Book review: ‘Mountains of the Mind’ by Robert Macfarlane

A history of a fascination.

‘Mountains of the Mind’ by Robert Macfarlane

I’ve never understood the mountaineering mentality. When I was at school, and for a number of years afterwards, my mate Mike used to drag me up mountains. I absolutely loved photographing the views from the top, but trudging up the damn things never struck me as fun. Mike went on to climb Kilimanjaro, the highest peak in Africa, and to get within calling distance of the top of Aconcagua, the highest mountain in the world outside the Himalaya.

Robert Macfarlane’s excellent first book explores how people have thought about mountains over the years, from the pre-Romanticism days in which they were seen as appalling, to the Romantics finding them appealing, to modern mountaineers finding them addictive. In among the meticulously researched pages, Macfarlane also finds time to recount a few mountaineering tales of his own.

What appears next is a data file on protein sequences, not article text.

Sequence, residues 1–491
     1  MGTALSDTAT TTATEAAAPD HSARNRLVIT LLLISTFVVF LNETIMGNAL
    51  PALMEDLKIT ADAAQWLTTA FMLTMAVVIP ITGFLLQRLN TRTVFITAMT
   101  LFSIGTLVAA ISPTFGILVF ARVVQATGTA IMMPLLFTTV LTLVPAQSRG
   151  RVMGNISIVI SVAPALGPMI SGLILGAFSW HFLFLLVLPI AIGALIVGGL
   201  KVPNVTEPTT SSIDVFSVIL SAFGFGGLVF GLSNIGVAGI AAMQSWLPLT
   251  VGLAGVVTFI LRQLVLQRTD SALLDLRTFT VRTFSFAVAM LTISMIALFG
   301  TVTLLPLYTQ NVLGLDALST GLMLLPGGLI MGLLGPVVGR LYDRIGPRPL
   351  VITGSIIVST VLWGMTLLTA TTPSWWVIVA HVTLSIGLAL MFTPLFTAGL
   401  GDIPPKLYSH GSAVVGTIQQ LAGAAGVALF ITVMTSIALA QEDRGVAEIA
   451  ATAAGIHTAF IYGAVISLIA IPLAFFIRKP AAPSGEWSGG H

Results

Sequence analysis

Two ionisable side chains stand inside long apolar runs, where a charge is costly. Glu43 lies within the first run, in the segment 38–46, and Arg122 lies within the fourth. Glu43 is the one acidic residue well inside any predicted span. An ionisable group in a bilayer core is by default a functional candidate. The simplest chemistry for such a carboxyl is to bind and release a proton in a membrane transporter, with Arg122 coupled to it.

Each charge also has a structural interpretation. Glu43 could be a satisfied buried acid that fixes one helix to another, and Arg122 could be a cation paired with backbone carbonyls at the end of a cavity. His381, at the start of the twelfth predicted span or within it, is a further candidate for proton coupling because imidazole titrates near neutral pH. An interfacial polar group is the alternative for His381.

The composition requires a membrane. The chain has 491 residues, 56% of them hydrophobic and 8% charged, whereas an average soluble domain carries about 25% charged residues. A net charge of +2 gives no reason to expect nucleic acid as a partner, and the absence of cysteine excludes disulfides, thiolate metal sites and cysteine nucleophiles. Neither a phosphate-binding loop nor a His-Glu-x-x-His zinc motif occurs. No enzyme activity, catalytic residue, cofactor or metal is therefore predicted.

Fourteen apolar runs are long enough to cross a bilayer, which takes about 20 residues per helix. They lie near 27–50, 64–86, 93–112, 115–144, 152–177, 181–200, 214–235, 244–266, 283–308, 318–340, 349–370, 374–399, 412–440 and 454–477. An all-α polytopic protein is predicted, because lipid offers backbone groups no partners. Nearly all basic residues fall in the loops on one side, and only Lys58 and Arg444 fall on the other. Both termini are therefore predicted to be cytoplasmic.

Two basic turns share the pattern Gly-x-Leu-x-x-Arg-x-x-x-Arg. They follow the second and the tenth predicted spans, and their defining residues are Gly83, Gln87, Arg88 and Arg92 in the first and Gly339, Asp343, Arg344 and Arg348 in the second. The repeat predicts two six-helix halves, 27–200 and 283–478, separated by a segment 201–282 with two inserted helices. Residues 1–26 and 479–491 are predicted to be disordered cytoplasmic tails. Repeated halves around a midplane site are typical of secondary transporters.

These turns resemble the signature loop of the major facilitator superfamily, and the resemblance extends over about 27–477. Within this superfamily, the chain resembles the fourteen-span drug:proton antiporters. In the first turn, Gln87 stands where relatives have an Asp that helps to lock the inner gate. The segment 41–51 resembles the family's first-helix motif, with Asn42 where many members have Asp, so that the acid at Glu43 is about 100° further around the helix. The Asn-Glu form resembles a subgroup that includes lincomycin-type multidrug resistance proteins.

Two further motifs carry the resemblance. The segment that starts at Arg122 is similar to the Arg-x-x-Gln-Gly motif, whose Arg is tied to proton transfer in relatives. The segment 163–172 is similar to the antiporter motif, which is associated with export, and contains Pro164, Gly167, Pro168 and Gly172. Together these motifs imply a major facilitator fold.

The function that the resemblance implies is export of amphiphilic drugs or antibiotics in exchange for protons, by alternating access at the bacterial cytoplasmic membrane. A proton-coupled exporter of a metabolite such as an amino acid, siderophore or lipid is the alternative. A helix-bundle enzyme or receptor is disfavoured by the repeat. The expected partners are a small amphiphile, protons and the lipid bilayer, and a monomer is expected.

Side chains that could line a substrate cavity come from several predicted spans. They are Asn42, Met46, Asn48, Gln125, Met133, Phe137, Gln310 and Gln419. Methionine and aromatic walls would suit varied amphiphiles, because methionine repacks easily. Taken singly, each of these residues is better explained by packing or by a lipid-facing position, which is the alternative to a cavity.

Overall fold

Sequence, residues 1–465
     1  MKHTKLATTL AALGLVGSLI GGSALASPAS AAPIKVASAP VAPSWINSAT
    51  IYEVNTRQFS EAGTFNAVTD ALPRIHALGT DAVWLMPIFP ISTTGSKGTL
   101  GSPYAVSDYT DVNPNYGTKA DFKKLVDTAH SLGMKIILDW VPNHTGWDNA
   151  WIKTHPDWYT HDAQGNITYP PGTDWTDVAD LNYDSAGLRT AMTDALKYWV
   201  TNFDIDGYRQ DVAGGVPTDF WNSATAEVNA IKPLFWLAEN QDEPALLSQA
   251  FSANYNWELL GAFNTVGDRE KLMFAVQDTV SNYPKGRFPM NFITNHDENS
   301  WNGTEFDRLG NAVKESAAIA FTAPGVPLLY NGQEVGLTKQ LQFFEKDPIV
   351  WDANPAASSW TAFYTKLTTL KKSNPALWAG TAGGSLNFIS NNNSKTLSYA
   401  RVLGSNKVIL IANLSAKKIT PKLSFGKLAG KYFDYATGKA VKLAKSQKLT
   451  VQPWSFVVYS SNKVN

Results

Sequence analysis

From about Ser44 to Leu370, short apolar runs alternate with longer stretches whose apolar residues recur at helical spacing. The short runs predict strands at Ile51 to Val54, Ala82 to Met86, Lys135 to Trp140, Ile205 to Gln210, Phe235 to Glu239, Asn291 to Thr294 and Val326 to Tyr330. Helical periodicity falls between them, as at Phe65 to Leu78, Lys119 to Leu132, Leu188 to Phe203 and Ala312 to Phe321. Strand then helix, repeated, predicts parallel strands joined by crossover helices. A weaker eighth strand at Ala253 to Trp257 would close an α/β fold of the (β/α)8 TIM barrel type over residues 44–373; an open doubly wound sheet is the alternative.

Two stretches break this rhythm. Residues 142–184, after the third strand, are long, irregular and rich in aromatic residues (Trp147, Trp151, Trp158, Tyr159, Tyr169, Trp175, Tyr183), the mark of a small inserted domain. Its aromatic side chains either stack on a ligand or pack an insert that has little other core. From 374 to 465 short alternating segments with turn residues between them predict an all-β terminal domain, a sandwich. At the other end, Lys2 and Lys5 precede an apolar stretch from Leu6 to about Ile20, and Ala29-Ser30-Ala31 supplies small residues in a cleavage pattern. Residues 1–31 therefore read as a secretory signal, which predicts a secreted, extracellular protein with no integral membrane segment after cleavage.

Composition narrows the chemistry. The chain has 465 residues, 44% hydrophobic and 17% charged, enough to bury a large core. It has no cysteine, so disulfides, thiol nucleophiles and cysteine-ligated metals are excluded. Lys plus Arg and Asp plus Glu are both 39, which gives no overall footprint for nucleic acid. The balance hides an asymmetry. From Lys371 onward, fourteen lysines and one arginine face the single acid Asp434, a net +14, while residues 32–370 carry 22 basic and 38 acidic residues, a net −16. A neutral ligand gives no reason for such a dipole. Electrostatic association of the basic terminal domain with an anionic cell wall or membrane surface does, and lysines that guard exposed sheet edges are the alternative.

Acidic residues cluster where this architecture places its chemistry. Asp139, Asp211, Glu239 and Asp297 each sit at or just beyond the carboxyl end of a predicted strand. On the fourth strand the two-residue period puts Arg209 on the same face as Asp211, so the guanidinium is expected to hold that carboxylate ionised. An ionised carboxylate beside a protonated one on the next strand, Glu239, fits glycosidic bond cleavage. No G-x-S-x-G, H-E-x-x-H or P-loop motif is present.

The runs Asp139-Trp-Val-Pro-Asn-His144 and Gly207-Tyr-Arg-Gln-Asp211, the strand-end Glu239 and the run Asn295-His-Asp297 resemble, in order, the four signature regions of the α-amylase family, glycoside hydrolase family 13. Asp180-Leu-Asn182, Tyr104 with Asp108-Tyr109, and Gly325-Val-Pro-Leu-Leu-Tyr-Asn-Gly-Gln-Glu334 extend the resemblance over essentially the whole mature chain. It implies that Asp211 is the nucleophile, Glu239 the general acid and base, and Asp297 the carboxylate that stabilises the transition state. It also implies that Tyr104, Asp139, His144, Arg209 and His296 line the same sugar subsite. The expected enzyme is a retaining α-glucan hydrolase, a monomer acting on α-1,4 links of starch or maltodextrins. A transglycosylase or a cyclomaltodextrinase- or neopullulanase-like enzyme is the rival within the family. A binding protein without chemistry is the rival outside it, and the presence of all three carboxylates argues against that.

The self-confessed Darwin groupie in me was delighted to see my hero Charles Darwin receive plenty of coverage in the early chapters, along with his friends the geologist Charles Lyell and physicist and pioneer climatologist John Tyndall. Macfarlane is also very good on the Victorian craze for the Alps, and on George Mallory’s repeated attempts to be the first to bag Everest.

Despite my general bafflement at people’s determination to ‘conquer’ mountains, rather that simply appreciating their aesthetics, I found Mountains of the Mind a fascinating read.

Highly recommended.

Note: I will receive a small referral fee if you buy this book via one of the above links.

By Richard Carter

Richard Carter is a writer and photo­grapher living in Hebden Bridge, West Yorkshire. Website · Facebook · Twitter · Newsletter · Book

Buy my book
On the Moor

This is a lovely book. I really enjoyed it—partly, I suspect, because I have a similar sense of humour to that of the author and also because I am generally curious about life. [...] The author is good at explanations. I like that. Eclectic—that’s what this book is. And rambling—in a good way (after all, these are walks). I liked it. I hope Richard Carter is writing another volume of his thoughts. I’ll buy it.
Mark Avery, author and former director of conservation at the RSPB, Sunday Book Review

More reviews »

Leave a comment

Your email address will not be published. Required fields are marked *